This wisdom points to a clear area of application for choice architecture – the analysis and desirability of brand extensions. When brands proliferate choice they risk the adverse cost of presenting a poorly conceived choice architecture.

Understanding this as a cost on a brand acts as a useful counter to the belief that brand extensions are a ‘free’ way of exploiting a brand and increasing its profitability. The costs of brand extension are well known; they risk switching people to the new variant, encouraging cannibalisation, or confusing people to the point where they switch away from the brand altogether.

Consider, for example, a food brand that has an original product high in fat. In response to the consumer desire for a healthier lifestyle the brand introduces a low-fat variant. The brand hopes to benefit from increased sales as a result of increased consumer choice.

However, it may have failed to factor in a parallel, widely held consumer belief that low-fat variants may not taste as good. The brand's choice architecture now contains two products that both say unflattering things about each other – the new variant says the original is unhealthy; the original reminds consumers that the new variant will not taste as good.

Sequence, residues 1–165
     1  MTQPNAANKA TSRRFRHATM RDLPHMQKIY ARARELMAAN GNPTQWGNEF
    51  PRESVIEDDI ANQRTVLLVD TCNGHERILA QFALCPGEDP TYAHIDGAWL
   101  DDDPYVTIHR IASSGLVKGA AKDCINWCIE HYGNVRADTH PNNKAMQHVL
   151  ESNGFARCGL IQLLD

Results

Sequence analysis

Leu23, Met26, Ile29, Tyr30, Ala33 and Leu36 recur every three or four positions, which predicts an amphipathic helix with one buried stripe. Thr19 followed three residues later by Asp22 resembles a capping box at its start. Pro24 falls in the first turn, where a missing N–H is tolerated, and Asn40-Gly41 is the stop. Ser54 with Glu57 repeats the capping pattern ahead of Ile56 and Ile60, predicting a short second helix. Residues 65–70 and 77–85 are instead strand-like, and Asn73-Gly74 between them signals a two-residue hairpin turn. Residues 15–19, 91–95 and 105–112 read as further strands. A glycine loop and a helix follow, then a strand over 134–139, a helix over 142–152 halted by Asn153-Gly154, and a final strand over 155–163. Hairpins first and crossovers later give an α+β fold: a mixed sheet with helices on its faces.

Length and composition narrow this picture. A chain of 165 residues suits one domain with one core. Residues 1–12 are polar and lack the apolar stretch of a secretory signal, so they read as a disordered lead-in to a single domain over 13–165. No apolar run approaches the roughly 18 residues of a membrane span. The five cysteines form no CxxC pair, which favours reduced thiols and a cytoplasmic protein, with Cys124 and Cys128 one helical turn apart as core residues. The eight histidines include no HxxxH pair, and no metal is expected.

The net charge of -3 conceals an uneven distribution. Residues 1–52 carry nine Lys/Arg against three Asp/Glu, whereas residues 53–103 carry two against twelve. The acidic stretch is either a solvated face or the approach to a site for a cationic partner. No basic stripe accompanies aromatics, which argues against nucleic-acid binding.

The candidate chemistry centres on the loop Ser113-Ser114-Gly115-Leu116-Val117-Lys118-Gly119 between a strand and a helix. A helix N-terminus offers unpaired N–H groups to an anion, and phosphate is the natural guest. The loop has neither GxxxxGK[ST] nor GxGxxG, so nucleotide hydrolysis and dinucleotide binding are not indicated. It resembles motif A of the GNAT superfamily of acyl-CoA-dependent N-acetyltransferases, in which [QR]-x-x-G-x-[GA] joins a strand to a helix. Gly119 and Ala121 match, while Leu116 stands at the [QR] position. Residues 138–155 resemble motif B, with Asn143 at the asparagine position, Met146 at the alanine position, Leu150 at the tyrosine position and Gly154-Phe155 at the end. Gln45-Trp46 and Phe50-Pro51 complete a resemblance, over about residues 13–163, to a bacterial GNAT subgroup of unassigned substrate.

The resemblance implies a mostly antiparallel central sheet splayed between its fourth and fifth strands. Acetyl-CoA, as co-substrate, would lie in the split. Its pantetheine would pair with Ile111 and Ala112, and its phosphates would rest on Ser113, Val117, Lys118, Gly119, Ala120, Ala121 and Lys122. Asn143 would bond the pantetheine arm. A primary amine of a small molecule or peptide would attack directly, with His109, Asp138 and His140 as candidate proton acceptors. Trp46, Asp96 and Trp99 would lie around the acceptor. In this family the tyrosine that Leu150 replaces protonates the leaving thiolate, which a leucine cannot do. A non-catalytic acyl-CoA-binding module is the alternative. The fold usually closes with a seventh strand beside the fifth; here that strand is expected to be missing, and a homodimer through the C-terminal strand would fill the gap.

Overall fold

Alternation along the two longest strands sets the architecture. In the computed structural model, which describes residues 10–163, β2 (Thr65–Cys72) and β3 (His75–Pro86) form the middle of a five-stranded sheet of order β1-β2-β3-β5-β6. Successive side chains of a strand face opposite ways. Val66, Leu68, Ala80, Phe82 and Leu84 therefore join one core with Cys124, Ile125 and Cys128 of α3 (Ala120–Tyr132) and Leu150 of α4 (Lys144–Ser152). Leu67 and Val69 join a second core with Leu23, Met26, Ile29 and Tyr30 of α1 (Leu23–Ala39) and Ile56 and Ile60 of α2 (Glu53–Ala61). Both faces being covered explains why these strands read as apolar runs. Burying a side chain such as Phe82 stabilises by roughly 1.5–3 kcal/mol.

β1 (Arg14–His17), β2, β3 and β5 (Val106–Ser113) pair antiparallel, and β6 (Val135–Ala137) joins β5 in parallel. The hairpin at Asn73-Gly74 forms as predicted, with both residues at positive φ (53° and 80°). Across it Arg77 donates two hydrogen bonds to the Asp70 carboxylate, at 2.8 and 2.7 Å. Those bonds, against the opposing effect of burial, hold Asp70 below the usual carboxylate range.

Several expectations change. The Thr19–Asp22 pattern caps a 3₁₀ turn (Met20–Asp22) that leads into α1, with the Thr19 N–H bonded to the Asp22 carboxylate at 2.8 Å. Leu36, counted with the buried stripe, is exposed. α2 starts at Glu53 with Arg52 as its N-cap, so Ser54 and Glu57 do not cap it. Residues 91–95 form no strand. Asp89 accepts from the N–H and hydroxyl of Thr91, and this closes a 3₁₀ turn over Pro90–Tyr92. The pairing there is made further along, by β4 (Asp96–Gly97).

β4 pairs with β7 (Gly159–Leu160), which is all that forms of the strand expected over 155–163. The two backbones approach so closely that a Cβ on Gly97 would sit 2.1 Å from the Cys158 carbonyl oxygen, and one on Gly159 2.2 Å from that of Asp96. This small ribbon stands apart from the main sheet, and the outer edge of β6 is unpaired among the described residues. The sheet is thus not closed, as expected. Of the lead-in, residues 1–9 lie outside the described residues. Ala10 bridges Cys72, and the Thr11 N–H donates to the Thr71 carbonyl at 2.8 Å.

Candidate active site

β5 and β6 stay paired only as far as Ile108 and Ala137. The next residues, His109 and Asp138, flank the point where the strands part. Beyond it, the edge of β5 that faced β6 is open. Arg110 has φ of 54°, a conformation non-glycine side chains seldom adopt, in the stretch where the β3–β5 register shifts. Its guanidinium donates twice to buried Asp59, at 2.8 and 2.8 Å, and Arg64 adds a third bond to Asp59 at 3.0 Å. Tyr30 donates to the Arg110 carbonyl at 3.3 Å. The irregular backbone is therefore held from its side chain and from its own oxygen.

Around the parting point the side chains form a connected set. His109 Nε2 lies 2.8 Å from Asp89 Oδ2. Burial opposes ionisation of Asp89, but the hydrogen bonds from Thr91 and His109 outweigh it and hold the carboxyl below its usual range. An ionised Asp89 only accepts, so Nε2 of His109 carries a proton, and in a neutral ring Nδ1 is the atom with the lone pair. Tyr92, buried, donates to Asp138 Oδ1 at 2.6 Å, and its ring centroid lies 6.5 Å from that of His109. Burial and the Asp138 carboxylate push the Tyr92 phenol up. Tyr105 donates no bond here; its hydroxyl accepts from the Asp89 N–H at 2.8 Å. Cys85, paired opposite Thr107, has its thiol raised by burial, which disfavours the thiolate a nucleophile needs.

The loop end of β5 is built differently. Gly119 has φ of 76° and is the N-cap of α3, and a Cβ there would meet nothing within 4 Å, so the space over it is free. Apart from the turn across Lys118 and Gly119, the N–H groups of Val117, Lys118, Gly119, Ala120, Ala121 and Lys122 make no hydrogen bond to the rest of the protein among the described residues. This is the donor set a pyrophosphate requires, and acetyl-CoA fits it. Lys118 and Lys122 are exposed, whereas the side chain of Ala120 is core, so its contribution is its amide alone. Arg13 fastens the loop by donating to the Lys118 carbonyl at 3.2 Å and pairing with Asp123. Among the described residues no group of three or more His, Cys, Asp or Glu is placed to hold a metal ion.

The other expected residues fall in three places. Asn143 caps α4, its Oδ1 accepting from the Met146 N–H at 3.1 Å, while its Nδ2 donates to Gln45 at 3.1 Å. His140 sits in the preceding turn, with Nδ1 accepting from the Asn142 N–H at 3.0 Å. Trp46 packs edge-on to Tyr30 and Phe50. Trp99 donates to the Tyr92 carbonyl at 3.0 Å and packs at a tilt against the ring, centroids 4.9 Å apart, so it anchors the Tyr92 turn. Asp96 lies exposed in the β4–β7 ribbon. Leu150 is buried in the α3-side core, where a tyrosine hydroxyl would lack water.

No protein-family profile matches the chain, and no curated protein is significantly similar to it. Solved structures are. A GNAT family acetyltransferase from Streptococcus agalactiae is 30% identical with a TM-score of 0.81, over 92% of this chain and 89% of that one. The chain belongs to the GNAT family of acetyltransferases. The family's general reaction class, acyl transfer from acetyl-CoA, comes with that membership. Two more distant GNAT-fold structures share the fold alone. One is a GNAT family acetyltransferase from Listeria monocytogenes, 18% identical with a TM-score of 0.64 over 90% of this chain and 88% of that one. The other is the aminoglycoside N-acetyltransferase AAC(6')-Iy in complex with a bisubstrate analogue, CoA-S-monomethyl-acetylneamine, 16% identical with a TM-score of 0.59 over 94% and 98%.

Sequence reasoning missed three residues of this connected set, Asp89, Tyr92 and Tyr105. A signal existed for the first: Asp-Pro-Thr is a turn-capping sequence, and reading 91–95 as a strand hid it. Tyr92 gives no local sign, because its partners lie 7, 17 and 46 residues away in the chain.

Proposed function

The company behind the brand should not be surprised if the net public regard for the brand diminishes overall, and some consumers opt out altogether. Consumers react not only to the new product but also to the new information about the relative values at play in the market.


Behavioural economics provides many examples of the impact of extra choice on how people choose. The most celebrated example is that produced by Dan Ariely and based on a subscription offer to The Economist. However, this example needs careful consideration before it is applied to marketing and advertising. The simple lessons it appears to offer are, in fact, complex and therefore worth examining at some length. Here is a recap of the experiment.